German-born Kessler (sometimes 'Kötzler') is yet another composer who was well-known and admired during his lifetime but languishes in obscurity in modern times. Kessler was the dedicatee of his friend Chopin's op.28 Preludes; other pianist-composers who thought highly of his music include the likes of Liszt, Kalkbrenner, Thalberg and Moscheles. Yet not only does he not have a biographical entry in Grove
, he is not even mentioned in passing in Chopin's.
Still, he was clearly a prodigious pianist, and his 24 Preludes precede Chopin's by over a decade. The latter's were criticised by some, most notably Schumann, for their great brevity and 'incoherence', but Kessler's are only half the length. Polish pianist Magdalena Brzozowska writes reasonably that some are "no more than ornamented cadenzas". Though ephemeral maxime
, they are tremendously virtuosic, yet not in a vulgar way. The op.20 Etudes, dedicated this time to another well-known friend, Johann Hummel, are more spectacular, their greater length - typically three minutes - obviously permitting more expansion. Though mainly fiery - marked vivacissimo
, con fuoco
, allegrissimo con brio
and the like - the final B flat minor Etude, which makes up almost a quarter of the entire length of op.20, is a piece of considerable introspection that shows a philosophical side of Kessler to complement all the technical ingenuity on display elsewhere.
Like most, if not all, Polish pianists, Brzozowska was brought up on Chopin, a training which leaves her perfectly equipped to tackle the significant demands of Kessler's music, not least of which is creating some kind of lasting impression within the space of a few bars. Perhaps she labours a little in one or two of the Etudes, but overall she gives a performance that is physically competent and emotionally satisfying.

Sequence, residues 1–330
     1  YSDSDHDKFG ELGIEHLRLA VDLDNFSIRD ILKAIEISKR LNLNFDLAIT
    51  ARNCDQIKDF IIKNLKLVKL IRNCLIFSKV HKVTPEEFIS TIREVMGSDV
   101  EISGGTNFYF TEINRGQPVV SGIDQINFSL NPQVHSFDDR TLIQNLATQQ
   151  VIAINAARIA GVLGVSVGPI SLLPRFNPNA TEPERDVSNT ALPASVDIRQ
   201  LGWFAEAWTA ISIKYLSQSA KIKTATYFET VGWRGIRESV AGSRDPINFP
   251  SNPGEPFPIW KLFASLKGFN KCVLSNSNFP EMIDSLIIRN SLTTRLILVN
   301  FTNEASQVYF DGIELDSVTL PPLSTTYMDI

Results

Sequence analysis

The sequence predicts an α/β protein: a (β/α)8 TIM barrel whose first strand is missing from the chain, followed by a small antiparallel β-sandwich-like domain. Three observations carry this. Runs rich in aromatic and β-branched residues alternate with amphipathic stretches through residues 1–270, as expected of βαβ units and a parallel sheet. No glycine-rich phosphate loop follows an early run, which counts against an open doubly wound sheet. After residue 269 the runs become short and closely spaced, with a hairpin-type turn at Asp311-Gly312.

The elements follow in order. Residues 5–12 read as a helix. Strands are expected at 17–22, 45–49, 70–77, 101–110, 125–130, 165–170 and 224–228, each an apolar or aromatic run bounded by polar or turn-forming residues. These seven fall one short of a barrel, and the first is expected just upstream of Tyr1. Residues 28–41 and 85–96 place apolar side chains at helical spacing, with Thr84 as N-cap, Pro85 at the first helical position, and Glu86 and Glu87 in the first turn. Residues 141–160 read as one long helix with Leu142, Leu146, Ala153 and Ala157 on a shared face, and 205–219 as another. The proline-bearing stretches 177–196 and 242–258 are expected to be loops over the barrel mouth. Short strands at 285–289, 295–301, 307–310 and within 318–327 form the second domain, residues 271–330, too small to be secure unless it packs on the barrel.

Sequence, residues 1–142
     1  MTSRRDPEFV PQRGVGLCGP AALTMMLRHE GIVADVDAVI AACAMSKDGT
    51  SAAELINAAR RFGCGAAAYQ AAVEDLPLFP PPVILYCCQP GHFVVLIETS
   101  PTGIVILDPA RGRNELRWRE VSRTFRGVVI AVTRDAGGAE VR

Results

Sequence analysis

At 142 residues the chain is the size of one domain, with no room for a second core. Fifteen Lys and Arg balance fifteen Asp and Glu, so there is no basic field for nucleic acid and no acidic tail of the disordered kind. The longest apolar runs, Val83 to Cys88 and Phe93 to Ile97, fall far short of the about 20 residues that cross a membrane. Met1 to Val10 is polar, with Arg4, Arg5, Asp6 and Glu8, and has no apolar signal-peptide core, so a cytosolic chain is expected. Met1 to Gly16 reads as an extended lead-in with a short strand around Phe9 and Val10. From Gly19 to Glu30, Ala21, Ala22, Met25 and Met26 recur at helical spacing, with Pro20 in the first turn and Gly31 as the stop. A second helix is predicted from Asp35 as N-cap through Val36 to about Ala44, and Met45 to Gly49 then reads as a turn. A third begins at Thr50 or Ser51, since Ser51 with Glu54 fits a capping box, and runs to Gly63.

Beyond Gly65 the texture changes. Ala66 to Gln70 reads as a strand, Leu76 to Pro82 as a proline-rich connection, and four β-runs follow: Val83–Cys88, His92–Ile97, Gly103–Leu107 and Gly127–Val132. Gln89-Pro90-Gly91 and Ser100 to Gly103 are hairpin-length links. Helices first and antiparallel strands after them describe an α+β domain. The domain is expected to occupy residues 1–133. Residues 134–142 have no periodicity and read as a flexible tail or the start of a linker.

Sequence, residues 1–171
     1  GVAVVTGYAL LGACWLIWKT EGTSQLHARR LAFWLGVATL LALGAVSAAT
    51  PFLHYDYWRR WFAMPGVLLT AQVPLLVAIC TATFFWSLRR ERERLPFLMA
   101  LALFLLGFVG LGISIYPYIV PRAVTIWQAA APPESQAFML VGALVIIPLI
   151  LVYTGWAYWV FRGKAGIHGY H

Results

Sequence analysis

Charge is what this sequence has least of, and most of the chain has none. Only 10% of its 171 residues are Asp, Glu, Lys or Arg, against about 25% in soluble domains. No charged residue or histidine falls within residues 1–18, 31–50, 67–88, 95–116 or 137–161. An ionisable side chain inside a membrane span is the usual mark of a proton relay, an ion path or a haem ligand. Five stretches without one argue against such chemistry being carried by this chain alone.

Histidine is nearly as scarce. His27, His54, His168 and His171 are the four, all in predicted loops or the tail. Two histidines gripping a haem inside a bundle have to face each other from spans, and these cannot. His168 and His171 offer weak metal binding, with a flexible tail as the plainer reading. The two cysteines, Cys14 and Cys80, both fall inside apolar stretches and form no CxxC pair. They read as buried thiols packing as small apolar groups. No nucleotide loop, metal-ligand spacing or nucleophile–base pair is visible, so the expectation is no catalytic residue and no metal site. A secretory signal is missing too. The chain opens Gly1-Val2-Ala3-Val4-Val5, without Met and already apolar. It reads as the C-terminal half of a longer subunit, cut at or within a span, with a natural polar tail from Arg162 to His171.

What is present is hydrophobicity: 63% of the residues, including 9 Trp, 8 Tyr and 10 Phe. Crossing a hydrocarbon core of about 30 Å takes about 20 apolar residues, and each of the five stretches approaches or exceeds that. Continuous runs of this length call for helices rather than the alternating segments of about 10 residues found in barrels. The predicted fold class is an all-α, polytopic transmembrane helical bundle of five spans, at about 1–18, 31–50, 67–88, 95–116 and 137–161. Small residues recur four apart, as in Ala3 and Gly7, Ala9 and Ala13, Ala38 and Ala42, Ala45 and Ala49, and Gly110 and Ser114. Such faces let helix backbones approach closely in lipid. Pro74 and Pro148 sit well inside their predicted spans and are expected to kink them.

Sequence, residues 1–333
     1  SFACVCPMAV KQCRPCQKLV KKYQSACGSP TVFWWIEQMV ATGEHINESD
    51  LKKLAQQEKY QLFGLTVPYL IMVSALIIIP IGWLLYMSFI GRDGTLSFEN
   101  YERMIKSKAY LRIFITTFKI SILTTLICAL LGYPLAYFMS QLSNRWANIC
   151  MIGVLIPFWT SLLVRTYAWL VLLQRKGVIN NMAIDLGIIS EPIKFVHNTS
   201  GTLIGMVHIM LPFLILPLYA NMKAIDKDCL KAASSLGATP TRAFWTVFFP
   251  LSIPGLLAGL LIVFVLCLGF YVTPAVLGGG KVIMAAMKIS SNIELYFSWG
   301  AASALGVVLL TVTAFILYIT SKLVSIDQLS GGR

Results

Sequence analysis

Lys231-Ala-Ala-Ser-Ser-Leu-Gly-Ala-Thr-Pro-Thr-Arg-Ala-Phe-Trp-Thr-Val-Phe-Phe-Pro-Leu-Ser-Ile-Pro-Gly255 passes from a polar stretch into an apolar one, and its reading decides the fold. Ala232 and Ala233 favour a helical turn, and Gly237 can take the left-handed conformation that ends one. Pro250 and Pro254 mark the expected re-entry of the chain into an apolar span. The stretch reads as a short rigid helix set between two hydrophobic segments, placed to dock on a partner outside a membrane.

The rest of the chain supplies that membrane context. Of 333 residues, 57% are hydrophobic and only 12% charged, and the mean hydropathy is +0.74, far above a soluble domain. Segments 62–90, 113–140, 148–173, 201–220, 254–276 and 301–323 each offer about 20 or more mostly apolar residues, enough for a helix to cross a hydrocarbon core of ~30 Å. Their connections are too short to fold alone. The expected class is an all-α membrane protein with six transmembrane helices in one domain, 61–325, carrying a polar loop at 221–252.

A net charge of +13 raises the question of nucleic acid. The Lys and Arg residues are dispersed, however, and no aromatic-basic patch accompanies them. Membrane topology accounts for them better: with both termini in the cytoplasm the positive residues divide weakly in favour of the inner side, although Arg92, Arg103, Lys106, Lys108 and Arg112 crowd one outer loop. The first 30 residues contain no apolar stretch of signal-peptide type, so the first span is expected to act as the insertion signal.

Acte Préalable's audio is good on the whole, with one or two minor provisos. First, the gap between Preludes, ranging from three to six seconds, is not great in absolute terms, but when most of the pieces only last around thirty seconds, the hiatus becomes marked. The incorporation of digital silence adds to the sense that the Preludes were not recorded in a single take. This suggestion is strengthened by the fact that the ninth Prelude has been perceptibly faded in over the space of a couple of milliseconds. A second caveat is that, although the piano sounds slightly recessed, the recording levels are high, so much so that not only is the piano mechanism audible, but a small degree of distortion is sometimes only a whisker away. Still, these quibbles are not serious enough to precipitate any vacillation.
Likewise Brzozowska's notes which, in her own translation, come with a heavy foreign accent and a sprinkling of spelling errors ('pieceful', 'contrapunctual'); they remain easily comprehensible. They would have been more interesting with fewer platitudes, however ('The Preludes may be played as a whole cycle or as chosen pieces'; 'a very well composed cycle with the beginning, medium part and the finale'). There are, once again, too many photos of the performer - if there must be the equivalent of seven glossy full-page pictures (one is on the CD itself), at least let them show different aspects of the artist, rather than all coming from the same quick session. Surely listeners would prefer a cheaper CD without shiny colour photography.
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